So I like the slick stuff like Chic (still do) and the mainstream stuff like Sister Sledge and Donna Summers. I also liked the kitschy aspect of it, 'Midnight at the Oasis' or Sun-Radiation Level, or the Village People.

      One of the appealing things about it was that it was so positive. It's kinda hard to explain, not that there was a lot of negativity about, esp. for a kid, but it made you feel good. And it was listened to by Black, White, and Latino, so it didn't divide as the 'Rawk' movement did (all white, pretty much).

      Interestingly enough (but maybe not), even then I was looking for different types of music, so obviously it didn't totally satiate me. But nothing did.

      As more bad Disco came along, I slowly found out about New Wave, and then Punk. Soul and Funk I found out about separately during Punk.

    • January 11, 2013 1:18 AM CST
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      OK , to be fair , I never liked  Disco , but , it was more because that's what the popular kids liked than a backlash in my mind against Blacks or Gays. I also did'nt like , or sometimes merely tolerated, what passed for Country , Pop and Rock , also . Some of the early Disco stuff was not that far removed from Soul , so I did'nt mind it so much. But , overall , it smacked of elitism. Go to a dance , ask a girl to dance , ANY girl , get turned down . I know , boo hoo hoo.  They still played Rock music at our school dances , even had live bands , but Disco was for the well - adjusted , good looking , self - satisfied crowd. I did'nt relate to it. I visited Chicago in the summer of '79 , right after The Disco Demolition (Please see Kopper's photo of annoying Talk Radio Jock , Steve Dahl.). It was an exciting time . People were pissed , wanting to reclaim Rock'n'Roll , even though The Loop , the station that sponsored the Disco Demolition , was fair to middlin'at best.....I met a kid who told me he bought $10 worth of Disco records , just to run them over with his bicycle. Sure , I said some things I should'nt have , regarding the likes of The Bee Gees and The Village People. On the other hand , their fans said the same about The Stones.......Movies usually get that tension all  wrong . Especially the Studio 54 schlong - bulgin' white slacks and chains crowd coming up against the CBGB Punk Rockers in Spike Lee's "Summer of Sam". I guess the macho , macho men looked authentic enuff , but the Punk Rockers had 7" high green GBH mohawks. IN 1977 !!!! IN NEW YORK !!!!!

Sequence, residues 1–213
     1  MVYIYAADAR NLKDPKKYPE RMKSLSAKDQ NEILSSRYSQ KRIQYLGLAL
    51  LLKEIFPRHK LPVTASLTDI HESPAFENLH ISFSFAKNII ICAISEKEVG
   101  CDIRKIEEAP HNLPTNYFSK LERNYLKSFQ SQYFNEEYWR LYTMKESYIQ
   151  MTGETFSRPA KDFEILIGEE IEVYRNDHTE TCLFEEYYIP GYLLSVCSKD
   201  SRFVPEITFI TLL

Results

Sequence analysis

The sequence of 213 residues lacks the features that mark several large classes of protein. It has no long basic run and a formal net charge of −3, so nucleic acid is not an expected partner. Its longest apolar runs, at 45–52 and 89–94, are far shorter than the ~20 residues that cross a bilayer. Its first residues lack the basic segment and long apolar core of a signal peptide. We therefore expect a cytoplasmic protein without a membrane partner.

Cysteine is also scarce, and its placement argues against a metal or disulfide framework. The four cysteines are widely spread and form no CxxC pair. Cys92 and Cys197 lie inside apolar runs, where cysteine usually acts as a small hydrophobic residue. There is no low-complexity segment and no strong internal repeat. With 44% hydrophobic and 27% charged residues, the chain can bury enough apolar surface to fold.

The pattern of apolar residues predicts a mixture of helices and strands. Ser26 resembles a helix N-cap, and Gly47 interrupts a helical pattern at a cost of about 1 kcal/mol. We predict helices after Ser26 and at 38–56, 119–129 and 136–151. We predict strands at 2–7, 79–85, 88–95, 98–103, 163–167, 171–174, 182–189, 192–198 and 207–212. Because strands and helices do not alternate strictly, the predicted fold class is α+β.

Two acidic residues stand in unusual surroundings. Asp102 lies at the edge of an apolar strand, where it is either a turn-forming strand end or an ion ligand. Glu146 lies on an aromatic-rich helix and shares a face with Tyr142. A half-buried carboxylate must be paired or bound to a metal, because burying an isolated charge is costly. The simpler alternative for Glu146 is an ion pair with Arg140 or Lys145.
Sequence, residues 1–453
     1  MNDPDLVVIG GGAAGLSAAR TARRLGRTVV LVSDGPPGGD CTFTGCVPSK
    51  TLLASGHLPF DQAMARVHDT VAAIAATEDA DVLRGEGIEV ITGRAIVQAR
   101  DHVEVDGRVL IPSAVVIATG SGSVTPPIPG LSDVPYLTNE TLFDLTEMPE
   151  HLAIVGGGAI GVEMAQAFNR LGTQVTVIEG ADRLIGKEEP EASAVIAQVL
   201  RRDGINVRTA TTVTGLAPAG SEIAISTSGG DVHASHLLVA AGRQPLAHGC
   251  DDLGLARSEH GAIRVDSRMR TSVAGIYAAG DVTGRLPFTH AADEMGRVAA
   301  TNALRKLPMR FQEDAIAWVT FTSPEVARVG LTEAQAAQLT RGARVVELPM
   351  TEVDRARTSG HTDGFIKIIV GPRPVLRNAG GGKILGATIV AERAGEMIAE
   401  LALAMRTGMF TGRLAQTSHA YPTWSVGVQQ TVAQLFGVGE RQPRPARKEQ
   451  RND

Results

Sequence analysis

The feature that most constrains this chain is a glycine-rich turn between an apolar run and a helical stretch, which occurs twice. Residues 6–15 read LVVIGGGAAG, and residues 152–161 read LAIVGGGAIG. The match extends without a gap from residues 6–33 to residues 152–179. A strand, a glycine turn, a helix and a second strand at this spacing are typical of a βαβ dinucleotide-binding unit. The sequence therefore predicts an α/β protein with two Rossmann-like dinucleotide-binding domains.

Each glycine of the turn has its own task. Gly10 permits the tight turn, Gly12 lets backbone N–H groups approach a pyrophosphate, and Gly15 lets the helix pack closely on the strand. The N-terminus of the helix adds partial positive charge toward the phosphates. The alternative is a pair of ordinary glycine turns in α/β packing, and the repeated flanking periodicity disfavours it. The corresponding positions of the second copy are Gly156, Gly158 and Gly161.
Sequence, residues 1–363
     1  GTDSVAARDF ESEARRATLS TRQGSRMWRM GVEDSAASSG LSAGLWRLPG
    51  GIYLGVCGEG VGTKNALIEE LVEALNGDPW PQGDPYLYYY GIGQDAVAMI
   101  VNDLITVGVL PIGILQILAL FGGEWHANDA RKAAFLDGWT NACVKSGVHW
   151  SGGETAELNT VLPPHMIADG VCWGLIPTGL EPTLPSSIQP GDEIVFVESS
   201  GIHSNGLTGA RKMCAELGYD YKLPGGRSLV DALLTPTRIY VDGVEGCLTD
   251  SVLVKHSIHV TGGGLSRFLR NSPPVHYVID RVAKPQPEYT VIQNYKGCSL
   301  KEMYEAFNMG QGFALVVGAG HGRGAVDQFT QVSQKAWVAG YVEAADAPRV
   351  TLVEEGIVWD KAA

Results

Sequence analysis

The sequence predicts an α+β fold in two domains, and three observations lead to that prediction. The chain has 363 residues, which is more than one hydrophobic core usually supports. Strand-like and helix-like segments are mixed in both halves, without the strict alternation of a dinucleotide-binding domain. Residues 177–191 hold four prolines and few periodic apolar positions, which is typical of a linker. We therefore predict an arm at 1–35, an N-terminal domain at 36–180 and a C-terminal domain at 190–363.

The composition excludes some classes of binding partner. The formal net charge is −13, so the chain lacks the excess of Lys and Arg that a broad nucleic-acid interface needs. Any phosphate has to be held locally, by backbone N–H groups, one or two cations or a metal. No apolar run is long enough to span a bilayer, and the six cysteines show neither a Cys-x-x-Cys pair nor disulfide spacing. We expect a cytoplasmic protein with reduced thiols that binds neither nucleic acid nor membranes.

I asked my Sister - in - law , who went to CB's , Max's , Mudd Clubb , Hurrah (And also Studio 54.), if anyone even had a mohawk in New York , in 1977. She said Richie Stotts from The Plasmatics MIGHT have been working his first Travis Bickle job , a flat , military mo' , but , otherwise , HELL, no. My friends and I would go to the skating rink , and they'd play enough Rock to keep us at bay , but , you were guaranteed a LOT of Disco , and WE'D SIT THOSE NUMBERS OUT. I REALIZED THEY WERE TRYING TOO PLEASE EVERYBODY. The music got on my nerves , tho' I KNEW A LOT OF MUSIC I LIKED , AND STILL DO , GOT ON A LOT OF PEOPLE'S NERVES. Disco was getting more minimal , so was Funk , both morphing into Rap , and , by then , there were barely any instruments involved. I tried , I just could'nt dig it.....Early Grandmaster Flash and Whodini , some of that , I thought was OK , BRIEFLY.

      i COULD'NT DANCE TO NON - BEATS. that's just me , though. When I found out about Punk (Not that I had'nt read and heard about it.),I FOUND SOMETHING i COULD DANCE TO , MY OWN WAY , WITHOUT TAKING LESSONS. and , generally , people used to be more friendly. If I asked a girl to dance , I was almost never turned down. It was'nt about violence or exclusion , it was about having fun , something I could'nt find in Disco , not even on a "Camp" level. But , for me , it was'nt about persecuting other groups. Anyone could participate (See "Black Punk Time" at www.roctober.com  ) . Did Disco ever go away ? To me , it became Rap , Hip Hop , House Music , Industrial Dance music ......Not all the same thing , but bound by superficiality. But , If I dared to say anything contrary about that stuff, people would call me "Closed minded". I don't make people listen to music I like , but , as I've said , I've gotta hear Rap and Hip Hop every day.  Tim Warren said , the squares have heard about 10% of my world , and I've heard 90% of theirs. It's so true. Disco , I went thru it , I have no desire to go back. I guess it does'nt bug me , now , as much as it did , then. For me , it's over. If other people like it , I'm not out to convert them or put them down. We all have our choices to go to or not go to certain vnues. We have no control over people blasting their SHIT music in public.